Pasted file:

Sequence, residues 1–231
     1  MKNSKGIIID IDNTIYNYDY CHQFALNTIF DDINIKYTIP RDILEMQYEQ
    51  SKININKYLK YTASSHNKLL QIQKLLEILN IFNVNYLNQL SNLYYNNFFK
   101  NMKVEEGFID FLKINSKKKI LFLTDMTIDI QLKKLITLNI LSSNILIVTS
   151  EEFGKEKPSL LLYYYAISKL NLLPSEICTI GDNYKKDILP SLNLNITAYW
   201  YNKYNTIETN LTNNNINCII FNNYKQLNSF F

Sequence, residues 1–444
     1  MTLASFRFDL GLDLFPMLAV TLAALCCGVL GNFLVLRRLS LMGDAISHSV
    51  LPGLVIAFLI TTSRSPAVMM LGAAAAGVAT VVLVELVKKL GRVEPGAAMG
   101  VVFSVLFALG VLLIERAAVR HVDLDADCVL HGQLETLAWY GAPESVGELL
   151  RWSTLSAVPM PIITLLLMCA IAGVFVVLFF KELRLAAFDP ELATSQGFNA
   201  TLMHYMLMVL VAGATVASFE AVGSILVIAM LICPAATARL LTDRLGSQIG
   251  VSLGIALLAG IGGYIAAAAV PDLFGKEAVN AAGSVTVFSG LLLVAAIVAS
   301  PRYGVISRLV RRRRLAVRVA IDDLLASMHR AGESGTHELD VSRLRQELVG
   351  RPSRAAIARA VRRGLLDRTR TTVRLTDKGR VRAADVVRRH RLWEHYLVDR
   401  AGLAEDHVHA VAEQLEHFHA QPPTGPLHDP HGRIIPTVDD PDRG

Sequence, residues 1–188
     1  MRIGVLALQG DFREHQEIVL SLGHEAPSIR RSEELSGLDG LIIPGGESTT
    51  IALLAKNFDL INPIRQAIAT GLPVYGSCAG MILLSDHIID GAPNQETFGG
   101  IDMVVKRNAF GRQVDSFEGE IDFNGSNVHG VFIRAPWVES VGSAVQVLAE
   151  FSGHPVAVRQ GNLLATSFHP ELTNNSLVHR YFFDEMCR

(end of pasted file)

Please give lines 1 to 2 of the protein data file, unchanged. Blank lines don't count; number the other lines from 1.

Sequence, residues 1–231
     1  MKNSKGIIID IDNTIYNYDY CHQFALNTIF DDINIKYTIP RDILEMQYEQ